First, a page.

tastytrade content is provided solely by tastytrade, Inc. (“tastytrade”) and is for informational and educational purposes only. It is not, nor is it intended to be, trading or investment advice or a recommendation that any security, futures contract, transaction or investment strategy is suitable for any person. Trading securities can involve high risk and the loss of any funds invested. tastytrade, through its content, financial programming or otherwise, does not provide investment or financial advice or make investment recommendations. Investment information provided may not be appropriate for all investors, and is provided without respect to individual investor financial sophistication, financial situation, investing time horizon or risk tolerance. tastytrade is not in the business of transacting securities trades, nor does it direct client commodity accounts or give commodity trading advice tailored to any particular client’s situation or investment objectives. Supporting documentation for any claims (including claims made on behalf of options programs), comparison, statistics, or other technical data, if applicable, will be supplied upon request. tastytrade is not a licensed financial advisor, registered investment advisor, or a registered broker-dealer. Options, futures and futures options are not suitable for all investors. Prior to trading securities products, please read the Characteristics and Risks of Standardized Options and the Risk Disclosure for Futures and Options found on tastyworks.com.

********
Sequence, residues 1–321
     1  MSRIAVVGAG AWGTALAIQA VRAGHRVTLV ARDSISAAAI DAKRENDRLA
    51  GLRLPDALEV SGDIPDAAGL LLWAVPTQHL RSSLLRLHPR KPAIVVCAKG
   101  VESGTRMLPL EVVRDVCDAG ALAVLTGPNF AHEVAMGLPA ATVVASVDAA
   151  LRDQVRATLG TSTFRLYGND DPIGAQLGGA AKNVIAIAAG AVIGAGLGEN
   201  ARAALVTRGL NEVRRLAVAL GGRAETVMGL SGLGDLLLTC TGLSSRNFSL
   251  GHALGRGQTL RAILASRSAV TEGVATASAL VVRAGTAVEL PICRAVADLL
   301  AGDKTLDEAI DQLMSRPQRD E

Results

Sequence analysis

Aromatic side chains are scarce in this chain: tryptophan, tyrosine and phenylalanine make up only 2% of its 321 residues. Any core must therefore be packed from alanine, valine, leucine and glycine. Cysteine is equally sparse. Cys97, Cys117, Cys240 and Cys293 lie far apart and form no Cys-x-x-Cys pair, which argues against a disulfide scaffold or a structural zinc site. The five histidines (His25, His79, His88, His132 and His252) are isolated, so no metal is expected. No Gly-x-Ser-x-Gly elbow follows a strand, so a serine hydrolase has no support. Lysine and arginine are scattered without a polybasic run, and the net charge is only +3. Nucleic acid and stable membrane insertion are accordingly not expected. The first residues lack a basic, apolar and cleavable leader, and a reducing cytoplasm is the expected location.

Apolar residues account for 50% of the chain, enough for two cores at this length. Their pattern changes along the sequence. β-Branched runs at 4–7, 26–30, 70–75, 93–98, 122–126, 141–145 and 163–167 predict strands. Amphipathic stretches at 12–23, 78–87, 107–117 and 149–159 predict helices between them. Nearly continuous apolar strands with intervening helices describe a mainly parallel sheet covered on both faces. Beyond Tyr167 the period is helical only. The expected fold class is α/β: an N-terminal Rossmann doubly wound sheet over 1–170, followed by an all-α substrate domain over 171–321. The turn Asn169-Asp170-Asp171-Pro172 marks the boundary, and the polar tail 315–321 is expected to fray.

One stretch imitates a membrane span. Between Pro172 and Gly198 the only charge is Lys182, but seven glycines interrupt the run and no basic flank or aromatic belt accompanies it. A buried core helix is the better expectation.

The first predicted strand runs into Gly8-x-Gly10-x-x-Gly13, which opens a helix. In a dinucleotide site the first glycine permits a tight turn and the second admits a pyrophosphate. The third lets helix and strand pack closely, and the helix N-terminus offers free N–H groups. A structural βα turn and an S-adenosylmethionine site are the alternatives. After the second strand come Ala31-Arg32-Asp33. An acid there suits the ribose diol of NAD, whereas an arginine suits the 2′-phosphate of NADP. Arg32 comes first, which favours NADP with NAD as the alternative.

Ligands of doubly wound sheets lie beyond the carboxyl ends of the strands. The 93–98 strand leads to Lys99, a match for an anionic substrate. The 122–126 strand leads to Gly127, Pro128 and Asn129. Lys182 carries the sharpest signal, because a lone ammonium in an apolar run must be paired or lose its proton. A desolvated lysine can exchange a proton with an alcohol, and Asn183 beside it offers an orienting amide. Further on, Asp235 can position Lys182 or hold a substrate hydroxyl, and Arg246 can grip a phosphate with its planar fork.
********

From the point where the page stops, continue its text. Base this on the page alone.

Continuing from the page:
tastytrade is a trademark/servicemark owned by tastytrade.
tastyworks, Inc. ("tastyworks") is a registered broker-dealer and member of FINRA, NFA and SIPC. tastyworks offers self-directed brokerage accounts to its customers. tastyworks does not give financial or trading advice nor does it make investment recommendations. You alone are responsible for making your investment and trading decisions and for evaluating the merits and risks associated with the use of tastyworks’ systems, services or products. tastyworks is a wholly owned subsidiary of tastytrade, Inc (“tastytrade”).
tastyworks, Inc. (“tastyworks”) has entered into a Marketing Agreement with tastytrade (“Marketing Agent”) whereby tastyworks pays compensation to Marketing Agent to recommend tastyworks’ brokerage services. The existence of this Marketing Agreement should not be deemed as an endorsement or recommendation of Marketing Agent by tastyworks. tastytrade is the parent company of tastyworks. tastyworks and Marketing Agent are separate entities with their own products and services. tastytrade has different privacy policies than tastyworks.
Quiet Foundation, Inc. (“Quiet Foundation”) is a wholly-owned subsidiary of tastytrade The information on quietfoundation.com is intended for U.S. residents only. All investing involves the risk of loss. Past performance is not a guarantee of future results. Quiet Foundation does not make suitability determinations, nor does it make investment recommendations. You alone are responsible for making your investment and trading decisions and for evaluating the merits and risks associated with the use of Quiet Foundation’s systems, services or products.